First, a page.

Exposure to domestic violence, as victims or witnesses makes children more vulnerable and can create problems for them in the adulthood. According to the famous psychiatrist and researcher Daniel Siegel “the mind develops as the brain responds to ongoing experience”. As a result, domestic violence can have long-term impact on child that is exposed to it.
According to the article, children victims or witnesses of violence are more likely to suffer from “fear of harm or abandonment, excessive worry or sadness, guilt, inability to experience empathy or guilt, habitual lying, low frustration tolerance, emotional distancing, poor judgment, shame, and fear about the future”. How children respond to this differs – boys are more likely to show aggressive behavior and become offenders, while girls are more likely to become victims and withdraw, suffering from depression. Compared to their peers, children victims or witnesses of domestic abuse are more likely to suffer from anxiety, depression, social and emotional issues, learning difficulties, self-harm and develop poor relationships. “Studies have found evidence of much higher rates of pro-violence attitudes, rigid stereotypical gender beliefs involving male privilege, animal abuse, bullying, assault, property destruction, and substance abuse.”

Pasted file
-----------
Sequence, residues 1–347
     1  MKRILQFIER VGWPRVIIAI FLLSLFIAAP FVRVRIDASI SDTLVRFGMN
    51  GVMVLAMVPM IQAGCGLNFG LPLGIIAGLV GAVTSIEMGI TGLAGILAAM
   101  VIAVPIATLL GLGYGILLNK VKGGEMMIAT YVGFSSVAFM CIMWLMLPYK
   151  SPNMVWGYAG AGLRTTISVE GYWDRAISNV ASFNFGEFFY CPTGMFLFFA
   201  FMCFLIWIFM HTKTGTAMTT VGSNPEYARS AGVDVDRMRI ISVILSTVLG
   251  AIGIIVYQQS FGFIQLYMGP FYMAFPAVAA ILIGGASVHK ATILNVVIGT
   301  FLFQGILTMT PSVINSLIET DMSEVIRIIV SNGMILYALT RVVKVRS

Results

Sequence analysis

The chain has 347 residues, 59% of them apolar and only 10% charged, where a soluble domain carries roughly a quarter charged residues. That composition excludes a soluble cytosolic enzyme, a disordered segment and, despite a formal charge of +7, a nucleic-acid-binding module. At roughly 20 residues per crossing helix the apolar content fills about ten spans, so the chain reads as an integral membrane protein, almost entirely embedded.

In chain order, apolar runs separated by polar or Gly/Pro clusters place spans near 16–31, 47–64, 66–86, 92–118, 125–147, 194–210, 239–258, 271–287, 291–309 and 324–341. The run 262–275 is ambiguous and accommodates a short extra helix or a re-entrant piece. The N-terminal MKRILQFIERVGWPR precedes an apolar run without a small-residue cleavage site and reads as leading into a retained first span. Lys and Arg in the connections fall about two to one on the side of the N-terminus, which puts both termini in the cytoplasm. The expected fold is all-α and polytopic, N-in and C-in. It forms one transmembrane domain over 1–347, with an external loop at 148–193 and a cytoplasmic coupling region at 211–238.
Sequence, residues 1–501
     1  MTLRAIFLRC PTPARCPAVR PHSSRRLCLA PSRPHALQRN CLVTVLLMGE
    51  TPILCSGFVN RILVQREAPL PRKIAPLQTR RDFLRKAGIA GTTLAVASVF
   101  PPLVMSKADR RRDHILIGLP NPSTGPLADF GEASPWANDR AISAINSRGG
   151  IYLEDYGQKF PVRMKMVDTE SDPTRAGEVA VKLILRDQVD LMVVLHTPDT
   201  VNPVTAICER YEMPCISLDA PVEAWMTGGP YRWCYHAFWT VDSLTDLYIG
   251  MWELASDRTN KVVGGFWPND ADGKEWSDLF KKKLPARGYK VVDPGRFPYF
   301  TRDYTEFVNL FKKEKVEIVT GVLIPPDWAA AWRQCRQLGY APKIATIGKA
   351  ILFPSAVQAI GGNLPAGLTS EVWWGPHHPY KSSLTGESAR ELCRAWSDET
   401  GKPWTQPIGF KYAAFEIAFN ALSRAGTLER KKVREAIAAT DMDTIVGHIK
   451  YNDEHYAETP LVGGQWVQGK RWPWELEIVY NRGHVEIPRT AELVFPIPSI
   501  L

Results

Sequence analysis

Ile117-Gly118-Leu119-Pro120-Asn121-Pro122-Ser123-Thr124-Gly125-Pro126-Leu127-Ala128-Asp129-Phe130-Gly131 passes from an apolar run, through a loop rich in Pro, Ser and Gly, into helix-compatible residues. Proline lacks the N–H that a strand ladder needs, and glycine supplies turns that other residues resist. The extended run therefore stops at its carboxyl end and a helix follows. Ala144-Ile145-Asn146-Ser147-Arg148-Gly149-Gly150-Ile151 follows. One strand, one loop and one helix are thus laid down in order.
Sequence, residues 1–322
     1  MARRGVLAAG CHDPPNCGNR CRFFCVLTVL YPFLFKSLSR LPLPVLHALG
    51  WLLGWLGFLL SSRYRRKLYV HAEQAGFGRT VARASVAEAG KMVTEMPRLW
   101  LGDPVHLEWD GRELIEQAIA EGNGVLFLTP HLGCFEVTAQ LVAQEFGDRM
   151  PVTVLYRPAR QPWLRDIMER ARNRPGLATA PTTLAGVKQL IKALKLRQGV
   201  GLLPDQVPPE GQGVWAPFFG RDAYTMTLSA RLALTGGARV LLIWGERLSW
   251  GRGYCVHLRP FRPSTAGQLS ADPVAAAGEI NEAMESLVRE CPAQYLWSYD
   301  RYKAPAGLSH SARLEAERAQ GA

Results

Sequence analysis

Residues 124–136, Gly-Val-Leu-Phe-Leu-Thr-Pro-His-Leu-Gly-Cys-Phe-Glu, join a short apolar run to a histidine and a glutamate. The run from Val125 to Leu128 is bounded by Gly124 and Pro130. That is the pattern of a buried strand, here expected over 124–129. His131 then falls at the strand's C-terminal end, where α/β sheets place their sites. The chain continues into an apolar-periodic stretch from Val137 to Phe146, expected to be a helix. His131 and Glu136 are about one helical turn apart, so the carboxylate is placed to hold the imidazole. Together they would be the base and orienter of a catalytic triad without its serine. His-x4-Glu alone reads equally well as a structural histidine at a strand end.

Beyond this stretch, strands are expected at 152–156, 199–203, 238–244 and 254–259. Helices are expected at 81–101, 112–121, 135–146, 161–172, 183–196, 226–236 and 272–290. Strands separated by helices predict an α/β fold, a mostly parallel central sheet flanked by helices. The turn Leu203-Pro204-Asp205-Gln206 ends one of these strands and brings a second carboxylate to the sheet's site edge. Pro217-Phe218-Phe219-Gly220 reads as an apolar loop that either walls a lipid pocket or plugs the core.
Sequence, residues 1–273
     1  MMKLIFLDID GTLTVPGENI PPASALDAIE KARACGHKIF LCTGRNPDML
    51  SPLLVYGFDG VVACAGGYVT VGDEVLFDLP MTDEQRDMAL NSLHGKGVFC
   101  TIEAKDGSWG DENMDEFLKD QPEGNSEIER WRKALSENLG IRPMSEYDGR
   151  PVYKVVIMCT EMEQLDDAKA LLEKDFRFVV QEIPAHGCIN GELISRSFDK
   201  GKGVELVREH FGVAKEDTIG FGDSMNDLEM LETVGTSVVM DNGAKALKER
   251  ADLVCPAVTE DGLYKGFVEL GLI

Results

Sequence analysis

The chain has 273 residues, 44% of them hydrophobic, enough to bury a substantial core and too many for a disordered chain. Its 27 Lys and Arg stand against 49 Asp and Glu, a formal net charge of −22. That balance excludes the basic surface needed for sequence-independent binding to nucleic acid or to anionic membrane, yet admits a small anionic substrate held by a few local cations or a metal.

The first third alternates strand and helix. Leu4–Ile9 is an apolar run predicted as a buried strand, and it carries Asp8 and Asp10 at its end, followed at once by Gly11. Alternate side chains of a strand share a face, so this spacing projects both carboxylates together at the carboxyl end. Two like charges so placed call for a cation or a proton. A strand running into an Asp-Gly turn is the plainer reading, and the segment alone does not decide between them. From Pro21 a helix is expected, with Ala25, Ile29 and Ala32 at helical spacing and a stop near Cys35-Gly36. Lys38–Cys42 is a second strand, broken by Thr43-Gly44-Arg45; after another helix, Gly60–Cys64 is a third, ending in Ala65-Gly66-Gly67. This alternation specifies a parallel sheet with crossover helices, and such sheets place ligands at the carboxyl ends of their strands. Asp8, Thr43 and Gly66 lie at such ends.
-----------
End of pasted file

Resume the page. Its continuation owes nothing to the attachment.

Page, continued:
However, there are protective factors that can help addressing the impact of domestic violence, such as “child’s literacy and overall intelligence, the extent to which the child is outgoing and socially competent, and whether the child has safe and supportive relationships with at least one influential adult”.